And no sooner does Miyax decide that than the bird companion she befriended, the thing that represents the spirit of the wild to her now that her adopted wolf-father is gone, dies.

And the final line of the book calls her Julie.

Her entire mental pattern shifted there, with that revelation. Her pride evaporated, her strength crumbled, and all that she had clung to in the wild was gone. What choice did she have but to return to the father who forsook the old ways, thus forsaking the old ways herself, and to symbolically give herself a new life. Even when I first read that, it made me sad, though I couldn't fully articulate why.

The author manages to cram some very complex and deep issues into such a short books, which is wonderful to see. However, it seems that the range of the book goes from brushes with things great and deep to long periods of somewhat shallow observation, liberally sprinkled with interesting survival methods and trivia about life in the Arctic (some of which has been proven wrong, but was believed to be true when the book was written). I can't deny that the story is interesting and the messages are ones that people ought to pay attention to, but it has such distance from today's events that I think a great deal of the books high points might be lost on modern readers.

Still, I enjoyed it then, and I still enjoyed it now.
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LibraryThing member edenjean
Miyax’s struggle for survival in the barren Alaskan wilderness leads her to seek the aid of a pack of wolves she encounters. Growing to love the wolves like family, even as she depends on them to survive, Miyax must ultimately decide between continuing to follow her father’s traditional
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teachings or finding a new way of life. This coming of age story is also an adventure novel, a soul-searching monologue, and an environmental study; readers will come away with a greater appreciation for the natural world, for cultural traditions, and for family.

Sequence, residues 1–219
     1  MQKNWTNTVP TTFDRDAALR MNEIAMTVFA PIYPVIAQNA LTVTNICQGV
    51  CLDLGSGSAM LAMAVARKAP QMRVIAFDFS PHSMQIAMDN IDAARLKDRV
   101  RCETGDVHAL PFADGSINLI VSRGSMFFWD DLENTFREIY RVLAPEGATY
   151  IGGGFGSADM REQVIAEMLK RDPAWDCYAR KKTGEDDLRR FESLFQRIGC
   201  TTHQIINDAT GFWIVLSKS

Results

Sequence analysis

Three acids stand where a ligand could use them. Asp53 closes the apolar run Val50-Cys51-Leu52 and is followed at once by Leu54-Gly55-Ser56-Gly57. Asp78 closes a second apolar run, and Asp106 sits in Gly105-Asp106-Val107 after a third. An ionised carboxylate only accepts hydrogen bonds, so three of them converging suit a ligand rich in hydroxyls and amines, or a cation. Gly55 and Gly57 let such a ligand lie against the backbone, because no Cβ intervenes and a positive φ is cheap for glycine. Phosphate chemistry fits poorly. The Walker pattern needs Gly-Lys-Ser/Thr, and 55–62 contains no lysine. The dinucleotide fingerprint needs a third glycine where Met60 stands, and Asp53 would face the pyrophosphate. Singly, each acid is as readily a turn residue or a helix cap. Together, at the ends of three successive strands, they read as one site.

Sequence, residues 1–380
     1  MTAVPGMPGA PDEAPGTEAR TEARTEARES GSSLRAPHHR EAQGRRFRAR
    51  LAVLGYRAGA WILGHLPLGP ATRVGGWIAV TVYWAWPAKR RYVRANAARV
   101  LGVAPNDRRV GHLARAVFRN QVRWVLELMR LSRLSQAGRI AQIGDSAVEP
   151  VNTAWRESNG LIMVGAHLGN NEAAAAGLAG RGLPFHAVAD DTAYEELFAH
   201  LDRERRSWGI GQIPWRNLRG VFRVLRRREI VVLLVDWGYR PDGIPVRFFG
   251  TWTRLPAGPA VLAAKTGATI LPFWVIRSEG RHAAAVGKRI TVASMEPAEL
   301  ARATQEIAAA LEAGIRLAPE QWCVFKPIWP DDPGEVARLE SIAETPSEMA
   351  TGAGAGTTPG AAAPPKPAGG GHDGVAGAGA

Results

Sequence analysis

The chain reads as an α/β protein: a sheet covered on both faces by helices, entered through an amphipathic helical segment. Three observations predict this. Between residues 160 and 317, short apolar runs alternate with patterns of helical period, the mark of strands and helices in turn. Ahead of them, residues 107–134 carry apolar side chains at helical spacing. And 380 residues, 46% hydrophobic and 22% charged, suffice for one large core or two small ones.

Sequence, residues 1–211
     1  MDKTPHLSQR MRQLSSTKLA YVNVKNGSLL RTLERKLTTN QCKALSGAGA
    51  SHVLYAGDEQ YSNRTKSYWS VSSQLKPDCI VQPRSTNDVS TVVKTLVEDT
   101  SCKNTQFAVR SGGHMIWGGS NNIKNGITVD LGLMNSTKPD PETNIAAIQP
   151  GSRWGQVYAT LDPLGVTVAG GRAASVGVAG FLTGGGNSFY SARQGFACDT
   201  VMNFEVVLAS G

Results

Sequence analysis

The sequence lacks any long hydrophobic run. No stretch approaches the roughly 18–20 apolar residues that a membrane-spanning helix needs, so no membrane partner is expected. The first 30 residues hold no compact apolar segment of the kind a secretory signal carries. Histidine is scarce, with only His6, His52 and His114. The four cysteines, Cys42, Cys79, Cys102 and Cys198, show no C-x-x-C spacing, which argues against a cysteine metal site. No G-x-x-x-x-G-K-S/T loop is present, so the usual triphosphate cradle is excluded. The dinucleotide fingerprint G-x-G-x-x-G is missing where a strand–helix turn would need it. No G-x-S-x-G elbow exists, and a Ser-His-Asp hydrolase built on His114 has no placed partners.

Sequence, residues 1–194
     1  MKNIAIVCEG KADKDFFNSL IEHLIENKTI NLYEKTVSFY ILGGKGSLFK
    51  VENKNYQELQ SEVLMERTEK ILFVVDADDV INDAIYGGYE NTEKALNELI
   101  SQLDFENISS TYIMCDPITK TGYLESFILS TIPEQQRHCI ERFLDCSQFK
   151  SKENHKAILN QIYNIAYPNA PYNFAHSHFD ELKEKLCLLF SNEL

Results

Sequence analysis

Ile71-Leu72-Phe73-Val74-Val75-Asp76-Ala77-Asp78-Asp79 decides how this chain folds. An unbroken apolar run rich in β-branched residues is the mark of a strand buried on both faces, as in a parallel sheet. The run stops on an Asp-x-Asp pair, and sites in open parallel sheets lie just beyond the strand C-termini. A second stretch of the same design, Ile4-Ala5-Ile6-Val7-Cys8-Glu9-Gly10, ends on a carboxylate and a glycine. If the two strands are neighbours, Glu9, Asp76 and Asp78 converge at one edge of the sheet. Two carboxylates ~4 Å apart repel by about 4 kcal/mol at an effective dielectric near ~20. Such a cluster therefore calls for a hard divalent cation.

Ages 10 and up
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LibraryThing member aimless22
Another story of a survivor. Well written and very educational about Eskimo life and beliefs.
LibraryThing member DebbieMcCauley
Miyax is a young Eskimo caught between two worlds. On one side she lives a traditional Eskimo way of life; on the other she is English speaking Julie with a pen pal in San Francisco. Her mother is dead and her father has disappeared. Miyax flees from an arranged marriage across the North Slopes of
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Alaska. A week later she finds herself completely lost in the wilderness. A wolf pack provides her only chance of survival. Miyax studies the complexities of the pack, and learns about their behaviours. In time she is accepted by the pack

A fascinating insight into the traditional Eskimo way of life, detailed and well researched.
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LibraryThing member ChasidyBrown
Summary: This was about an Eskimo girl by the name of Miyax that runs away from her village when it become unsafe for her. She gets lost in an Alaskan wilderness and without food and shelter she is sure to die, but then she becomes friends with a pack of Arctic wolves. Even tho its a struggle to
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survive the wolves become her family. In the end she has to decide either to stay with the wolves or find a way back to her old life.
Review: I thought this book was good! My nine year old son loved it. Any child that is interested in survival or animals would enjoy this.
Extension: Multiculture, Animals and Humans, Eskimos
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LibraryThing member mirrani
The writing is what wins this book the Newbery Award. A reader doesn't need the illustrations to form a visual in their mind, the look, the feel, and the emotion of Eskimo life in a frozen land are so well written that they almost become a part of you. The story looks into Eskimo life, but also
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into the lives of wolves, helping readers to understand that every animal has a way of communicating, if we only take the time to listen.

The human story is both heartbreaking and motivating. A girl runs away from a fate she hasn't chosen, to try and make her own way. Though I'm not sure that attempted rape (or being a runaway) is the right thing to include in a book for younger readers, it is important to understand that the book is meant to be read in the culture for which it was intended. Julie is a strong character who decides to protect herself, find her own destiny and makes out on her own in a way she has learned to do from her own people. Though her plans change as she journeys onward, she never loses her determination.

I can see where some would prefer to read the book before giving it to a young reader, but this is still a book worthy of the golden badge it has earned on its cover. When shared together, this is a story of strength, and the bonds between humans and nature that can not be missed.